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     Established in 1926 as Glendale Methodist Church, Wells Memorial UMC is located at the corner  of Bailey Avenue and Glendale Street.
     In 1948, the name of the church was changed to honor the memory of longtime pastor J. A. Wells, who was killed in an automobile accident.
     Over the years, as neighborhood demographics changed, the membership declined sharply until Rev. Keith Tonkel was appointed pastor in 1969.  Growth followed as new "members and friends" came, hoping to build a diverse fellowship and seeking opportunities to promote racial harmony in the heart of Mississippi.
     What was once a neighborhood church began reaching out to attract members and friends from the larger community in the Jackson metropolitan area. Two Sunday morning services generally draw a combined attendance of 350 persons from a 45-mile radius of the church. The morning services at Wells have a structured informality with lay leadership a period of "Free Worship." Attire for all services ranges from faded denim to "Sunday Best."
     While many persons attending Wells are lifelong Methodists, the church appeals to persons from other---or no--faith traditions. It also often serves as a "point of re-entry" into a more spiritual life for persons who have felt disaffected with organized religion and those whose walks with God have been interrupted by a period of alienation.
     The membership takes seriously the words on the sign in front of the church: "Everyone Very Welcome." Newcomers are greeted warmly, but an effort is made to respect the privacy of visitors. There is no "hard-sell" pitch to boost church membership, and newcomers are encouraged to approach active involvement at their own speed.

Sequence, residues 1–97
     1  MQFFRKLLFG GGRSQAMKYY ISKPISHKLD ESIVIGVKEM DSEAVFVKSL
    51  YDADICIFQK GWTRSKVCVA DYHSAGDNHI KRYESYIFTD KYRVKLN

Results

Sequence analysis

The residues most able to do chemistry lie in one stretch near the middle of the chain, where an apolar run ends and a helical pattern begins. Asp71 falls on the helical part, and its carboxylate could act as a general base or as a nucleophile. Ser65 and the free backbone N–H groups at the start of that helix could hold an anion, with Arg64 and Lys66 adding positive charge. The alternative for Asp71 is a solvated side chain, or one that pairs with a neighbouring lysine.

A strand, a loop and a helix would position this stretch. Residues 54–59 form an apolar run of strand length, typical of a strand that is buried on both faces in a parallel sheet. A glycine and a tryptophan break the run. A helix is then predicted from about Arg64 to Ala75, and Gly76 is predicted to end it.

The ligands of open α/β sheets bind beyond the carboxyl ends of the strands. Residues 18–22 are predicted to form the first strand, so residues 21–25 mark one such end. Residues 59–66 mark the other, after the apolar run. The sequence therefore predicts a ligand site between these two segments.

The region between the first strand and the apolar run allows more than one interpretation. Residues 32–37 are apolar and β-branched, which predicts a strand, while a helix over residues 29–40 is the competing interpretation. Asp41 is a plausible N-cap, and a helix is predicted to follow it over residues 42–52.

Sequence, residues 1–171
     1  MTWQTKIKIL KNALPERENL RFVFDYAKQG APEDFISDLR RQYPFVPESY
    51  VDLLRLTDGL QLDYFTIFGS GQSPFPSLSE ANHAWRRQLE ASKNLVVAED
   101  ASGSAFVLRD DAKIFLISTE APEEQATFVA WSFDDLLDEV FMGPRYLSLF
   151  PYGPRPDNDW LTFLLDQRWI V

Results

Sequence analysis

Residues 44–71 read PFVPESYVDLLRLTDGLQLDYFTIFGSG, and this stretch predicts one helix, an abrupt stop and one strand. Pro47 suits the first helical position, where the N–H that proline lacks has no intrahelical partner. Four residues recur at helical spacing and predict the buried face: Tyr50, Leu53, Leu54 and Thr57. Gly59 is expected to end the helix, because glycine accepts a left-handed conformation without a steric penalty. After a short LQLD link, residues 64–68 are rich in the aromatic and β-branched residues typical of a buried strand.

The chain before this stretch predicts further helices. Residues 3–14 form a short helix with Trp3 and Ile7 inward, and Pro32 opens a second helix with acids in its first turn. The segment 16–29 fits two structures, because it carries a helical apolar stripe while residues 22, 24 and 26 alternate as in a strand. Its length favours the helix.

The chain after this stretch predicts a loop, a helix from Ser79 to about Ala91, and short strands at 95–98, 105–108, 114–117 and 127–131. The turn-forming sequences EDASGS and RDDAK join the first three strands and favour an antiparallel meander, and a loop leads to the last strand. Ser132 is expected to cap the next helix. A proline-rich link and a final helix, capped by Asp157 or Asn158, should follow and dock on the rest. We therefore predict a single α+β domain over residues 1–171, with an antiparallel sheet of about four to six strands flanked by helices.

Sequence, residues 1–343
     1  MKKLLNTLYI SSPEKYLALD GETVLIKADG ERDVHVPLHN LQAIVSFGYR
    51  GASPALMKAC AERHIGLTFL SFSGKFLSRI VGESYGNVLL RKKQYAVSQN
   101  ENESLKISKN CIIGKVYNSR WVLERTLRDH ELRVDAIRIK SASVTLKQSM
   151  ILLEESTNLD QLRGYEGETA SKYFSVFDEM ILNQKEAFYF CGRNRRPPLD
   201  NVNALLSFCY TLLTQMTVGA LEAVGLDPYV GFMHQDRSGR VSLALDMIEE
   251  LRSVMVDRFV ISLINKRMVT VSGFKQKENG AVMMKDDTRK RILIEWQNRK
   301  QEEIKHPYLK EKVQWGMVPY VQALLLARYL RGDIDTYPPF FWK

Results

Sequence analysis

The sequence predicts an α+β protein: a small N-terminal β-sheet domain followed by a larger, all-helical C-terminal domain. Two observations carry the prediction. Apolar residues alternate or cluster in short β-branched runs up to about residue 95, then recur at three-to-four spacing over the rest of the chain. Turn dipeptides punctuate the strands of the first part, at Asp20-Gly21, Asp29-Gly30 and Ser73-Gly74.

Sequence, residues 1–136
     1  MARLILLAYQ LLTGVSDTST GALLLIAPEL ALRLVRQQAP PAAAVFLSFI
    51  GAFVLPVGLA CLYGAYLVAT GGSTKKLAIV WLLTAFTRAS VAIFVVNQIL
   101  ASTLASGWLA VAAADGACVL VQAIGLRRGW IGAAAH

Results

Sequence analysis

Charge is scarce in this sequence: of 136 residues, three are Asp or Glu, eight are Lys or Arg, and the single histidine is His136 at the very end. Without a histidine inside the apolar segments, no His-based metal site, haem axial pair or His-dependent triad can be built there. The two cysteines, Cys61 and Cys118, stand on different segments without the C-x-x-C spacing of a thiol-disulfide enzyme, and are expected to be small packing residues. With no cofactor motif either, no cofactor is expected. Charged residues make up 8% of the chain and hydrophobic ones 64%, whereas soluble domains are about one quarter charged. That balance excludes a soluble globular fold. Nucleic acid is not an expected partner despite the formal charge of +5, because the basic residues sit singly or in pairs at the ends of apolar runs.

The original church building, which was expanded over the years, was completely renovated in 1985 and a parking area on adjacent lots was paved. The former parsonage, directly behind the church building, now serves as a classroom and activity facility.
     In 1984, as the renovation program began, a friend of the church offered to organize a festival to help raise money for the project. Church members agreed that a festival would make an interesting project, but decided that the proceeds should go to some other worthy service organization. WellsFest has become a major community event on the last Saturday in September. It has generated more than $700,000 for a wide range of nonprofit service
organizations and activities.
     Wells Church is also actively involved in its low-income neighborhood, with commitments to the children, faculty and staff of Galloway Elementary School across the street, to building homes in the Habitat for Humanity program, and to the support of the Bailey Avenue Health Education Foundation.
     An innovative ministry, Georgetown Neighborhood Homes, renovates old house in the area and makes them available, at cost,  to new homeowners.   In cooperation with the Mississippi Urban Forest Council and the Mississippi Department of Agriculture and Commerce, we have established the Jesse Gates Edible Forest on the site of a once-abandoned house at the corner of Bailey Avenue and Idlewild Street.   Residents of the community  enjoy fresh vegetables from the garden and, as the trees grow, will be able to pick fresh fruit from the trees of the urban forest.
     Although the area has changed radically since the church was established in 1926, the congregation has made a firm decision to remain at the Bailey-Glendale site, believing that we have a "ministry of presence.

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